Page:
A Nigerian flying al-Qaeda's flag tried to blow up a US airplane on Christmas.
Nor is everything swell in the Philippines despite an ebb in the insurgency, which couldn't sustain its mass mobilization of the 1970's and 80's. Guerrillas don't die easily though, that's their nature. Mindanao, home to six Islamic and Maoist groups and awash in guns, witnessed an extraordinary amount of activity in late 2009.
First a disputed martial law was imposed in Maguindanao, a province in the , to quell an alleged rebellion by the Ampatuan clan, blamed for a massacre weeks prior. Then an unrelated communist militia took over 50 hostages in the Agusan del Sur province before releasing them.
Anywhere a guerrilla prison break occurs is a good sign of a robust insurgency. Al Jazeera reported up to 100 militants easily outgunned the few prison guards, an operation still under investigation. Moro Islamic Liberation Front (MILF), the largest insurgent group on Mindanao, denied responsibility but has attracted suspicion after five of its members escaped.
Abu Sayyaf, an al-Qaeda affiliated group, is the more likely culprit after 12 of its member escaped. It is also responsible for the deaths of the only two US casualties, two "Seabee" Naval engineers, in the last seven years.
The official story is that US forces are legally bound to self defense, who operate in a mentor position. Then again reports suspect otherwise.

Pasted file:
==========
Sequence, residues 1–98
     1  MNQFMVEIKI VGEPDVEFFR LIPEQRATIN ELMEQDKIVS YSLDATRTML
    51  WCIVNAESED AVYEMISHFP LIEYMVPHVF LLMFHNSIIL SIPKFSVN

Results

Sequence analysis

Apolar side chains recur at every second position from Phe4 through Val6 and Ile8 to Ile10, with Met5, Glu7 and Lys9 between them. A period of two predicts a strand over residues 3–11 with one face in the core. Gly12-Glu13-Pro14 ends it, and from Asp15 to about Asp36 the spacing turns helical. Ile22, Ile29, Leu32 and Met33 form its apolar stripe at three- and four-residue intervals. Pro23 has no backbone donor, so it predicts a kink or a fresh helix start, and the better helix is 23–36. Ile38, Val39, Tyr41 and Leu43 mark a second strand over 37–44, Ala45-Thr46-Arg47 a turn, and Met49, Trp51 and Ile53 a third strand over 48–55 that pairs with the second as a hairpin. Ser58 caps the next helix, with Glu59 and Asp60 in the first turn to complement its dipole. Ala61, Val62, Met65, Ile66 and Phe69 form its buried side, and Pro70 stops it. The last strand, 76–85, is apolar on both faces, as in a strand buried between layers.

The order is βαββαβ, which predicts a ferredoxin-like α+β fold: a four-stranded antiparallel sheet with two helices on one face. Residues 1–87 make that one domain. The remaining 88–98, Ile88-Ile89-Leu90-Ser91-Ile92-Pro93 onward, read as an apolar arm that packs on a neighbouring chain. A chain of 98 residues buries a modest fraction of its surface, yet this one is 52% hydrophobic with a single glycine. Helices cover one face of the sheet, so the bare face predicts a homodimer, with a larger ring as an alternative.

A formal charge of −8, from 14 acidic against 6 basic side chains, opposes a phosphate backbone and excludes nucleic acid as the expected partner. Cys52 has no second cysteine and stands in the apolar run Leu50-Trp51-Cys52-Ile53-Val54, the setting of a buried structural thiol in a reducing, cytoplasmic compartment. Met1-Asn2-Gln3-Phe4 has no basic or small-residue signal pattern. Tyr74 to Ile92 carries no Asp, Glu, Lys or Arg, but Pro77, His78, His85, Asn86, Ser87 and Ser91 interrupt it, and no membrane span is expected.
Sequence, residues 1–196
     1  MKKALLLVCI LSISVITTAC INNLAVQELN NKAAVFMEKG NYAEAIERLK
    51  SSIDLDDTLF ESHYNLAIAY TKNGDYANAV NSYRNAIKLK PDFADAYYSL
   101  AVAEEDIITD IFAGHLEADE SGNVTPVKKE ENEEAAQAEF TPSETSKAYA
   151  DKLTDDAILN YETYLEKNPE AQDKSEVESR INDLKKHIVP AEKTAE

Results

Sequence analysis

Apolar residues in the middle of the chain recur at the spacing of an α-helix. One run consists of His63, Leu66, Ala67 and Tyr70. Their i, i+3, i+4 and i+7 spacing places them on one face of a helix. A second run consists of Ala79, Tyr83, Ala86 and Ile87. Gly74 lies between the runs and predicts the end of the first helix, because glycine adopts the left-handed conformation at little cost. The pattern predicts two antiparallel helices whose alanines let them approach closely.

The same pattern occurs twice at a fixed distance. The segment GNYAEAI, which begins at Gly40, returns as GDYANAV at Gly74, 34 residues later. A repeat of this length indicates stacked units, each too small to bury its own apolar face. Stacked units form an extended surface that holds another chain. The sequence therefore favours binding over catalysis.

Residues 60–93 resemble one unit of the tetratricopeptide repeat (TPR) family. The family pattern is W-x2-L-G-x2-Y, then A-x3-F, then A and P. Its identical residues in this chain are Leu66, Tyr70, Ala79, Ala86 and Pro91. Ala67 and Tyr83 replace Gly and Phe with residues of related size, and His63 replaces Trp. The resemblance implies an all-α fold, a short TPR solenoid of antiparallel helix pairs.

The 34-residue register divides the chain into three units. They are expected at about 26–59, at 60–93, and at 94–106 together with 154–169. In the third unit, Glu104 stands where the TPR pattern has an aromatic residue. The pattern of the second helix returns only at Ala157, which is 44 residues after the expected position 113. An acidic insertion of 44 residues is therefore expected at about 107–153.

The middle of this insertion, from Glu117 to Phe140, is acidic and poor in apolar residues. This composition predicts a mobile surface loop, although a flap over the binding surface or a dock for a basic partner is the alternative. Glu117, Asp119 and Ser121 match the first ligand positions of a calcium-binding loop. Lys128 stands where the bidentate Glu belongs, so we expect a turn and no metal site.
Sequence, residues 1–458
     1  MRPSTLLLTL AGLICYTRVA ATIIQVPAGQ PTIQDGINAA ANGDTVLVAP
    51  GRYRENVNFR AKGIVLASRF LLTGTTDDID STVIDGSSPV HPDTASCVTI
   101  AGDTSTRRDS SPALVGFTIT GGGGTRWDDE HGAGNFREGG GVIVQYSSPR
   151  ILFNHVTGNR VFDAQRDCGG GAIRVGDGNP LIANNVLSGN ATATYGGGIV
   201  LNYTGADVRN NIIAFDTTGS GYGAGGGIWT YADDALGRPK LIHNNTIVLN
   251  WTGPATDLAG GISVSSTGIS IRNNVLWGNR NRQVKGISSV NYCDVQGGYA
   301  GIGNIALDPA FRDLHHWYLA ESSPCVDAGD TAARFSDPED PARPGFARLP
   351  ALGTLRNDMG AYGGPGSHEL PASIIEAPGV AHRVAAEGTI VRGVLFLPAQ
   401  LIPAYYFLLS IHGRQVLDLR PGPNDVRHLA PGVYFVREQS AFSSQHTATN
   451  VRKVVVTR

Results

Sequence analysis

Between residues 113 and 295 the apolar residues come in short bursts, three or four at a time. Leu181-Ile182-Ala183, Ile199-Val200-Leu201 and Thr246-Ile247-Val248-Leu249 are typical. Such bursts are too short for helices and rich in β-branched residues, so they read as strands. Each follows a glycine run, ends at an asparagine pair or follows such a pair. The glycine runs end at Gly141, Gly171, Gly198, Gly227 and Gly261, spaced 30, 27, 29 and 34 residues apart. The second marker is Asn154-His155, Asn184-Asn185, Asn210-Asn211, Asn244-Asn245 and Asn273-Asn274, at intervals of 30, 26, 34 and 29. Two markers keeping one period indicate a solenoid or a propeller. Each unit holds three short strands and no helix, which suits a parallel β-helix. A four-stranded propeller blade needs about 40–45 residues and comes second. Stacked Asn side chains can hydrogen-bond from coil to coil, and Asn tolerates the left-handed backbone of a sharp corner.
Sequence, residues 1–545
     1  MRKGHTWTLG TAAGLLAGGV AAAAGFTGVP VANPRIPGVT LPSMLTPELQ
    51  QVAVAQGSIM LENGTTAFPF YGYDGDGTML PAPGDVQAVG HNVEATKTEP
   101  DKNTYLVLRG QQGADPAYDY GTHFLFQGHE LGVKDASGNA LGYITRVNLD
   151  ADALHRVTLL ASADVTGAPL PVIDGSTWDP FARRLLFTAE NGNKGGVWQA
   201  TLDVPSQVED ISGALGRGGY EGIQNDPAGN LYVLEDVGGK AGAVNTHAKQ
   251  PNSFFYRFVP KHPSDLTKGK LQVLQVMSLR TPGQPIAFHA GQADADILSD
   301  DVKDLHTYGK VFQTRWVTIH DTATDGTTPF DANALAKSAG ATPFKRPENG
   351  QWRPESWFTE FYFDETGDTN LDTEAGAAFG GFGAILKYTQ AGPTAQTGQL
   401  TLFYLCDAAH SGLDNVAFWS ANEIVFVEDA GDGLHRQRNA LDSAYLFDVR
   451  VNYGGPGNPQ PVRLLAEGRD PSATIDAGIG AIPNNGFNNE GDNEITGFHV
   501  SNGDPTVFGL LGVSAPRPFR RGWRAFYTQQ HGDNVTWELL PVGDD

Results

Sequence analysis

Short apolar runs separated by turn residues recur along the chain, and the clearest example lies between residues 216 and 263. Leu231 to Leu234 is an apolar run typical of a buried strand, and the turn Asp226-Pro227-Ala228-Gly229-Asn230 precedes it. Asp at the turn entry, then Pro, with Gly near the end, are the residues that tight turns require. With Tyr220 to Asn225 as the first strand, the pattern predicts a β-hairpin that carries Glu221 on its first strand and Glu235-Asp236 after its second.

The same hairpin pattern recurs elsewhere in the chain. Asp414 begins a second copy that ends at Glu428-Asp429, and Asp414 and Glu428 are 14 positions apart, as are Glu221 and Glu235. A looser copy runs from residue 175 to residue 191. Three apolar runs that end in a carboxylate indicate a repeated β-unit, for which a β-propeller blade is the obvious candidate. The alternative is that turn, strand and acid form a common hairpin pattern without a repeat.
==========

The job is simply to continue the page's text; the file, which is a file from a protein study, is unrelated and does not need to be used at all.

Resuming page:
Such a density of events suggests insurgency on Mindanao has plenty of life left in it. Though they aren’t necessarily working in sync, the actors behind each event are combining to overload the government's ability to deal with the total war. In the same way, global insurgencies are combining to overload America’s resources and attention.
America must develop a global full-spectrum counterinsurgency, one based on long-term political trends and cultural nuance, magnified by humanitarian operations, and backstopped by military force. At this moment, despite moderate success in Iraq and the pile al-Qaeda bodies, it's still an insurgent's world.
So are we supposed to be inquisitive or exasperated, in awe or terror?
The scale tips both ways. The collective conflict being waged, loosely connected but nevertheless intertwined, will grind into the 21st century. Stamping any time on Afghanistan is thus a short-term gamble with long-term consequences. Operation Enduring Freedom - Philippines only works because it's open ended and low-key.
Afghanistan is the opposite setup, a distressing sign.
At the same time global insurgencies are being waged to many varying degrees. Does not the US military have an opportunity to study a variety of counterinsurgency strategies? Shouldn’t some methods emerge superior? No doubt the Pentagon has vaults of comparative data already being computed in a dark basement.
All the more reason to do our own research.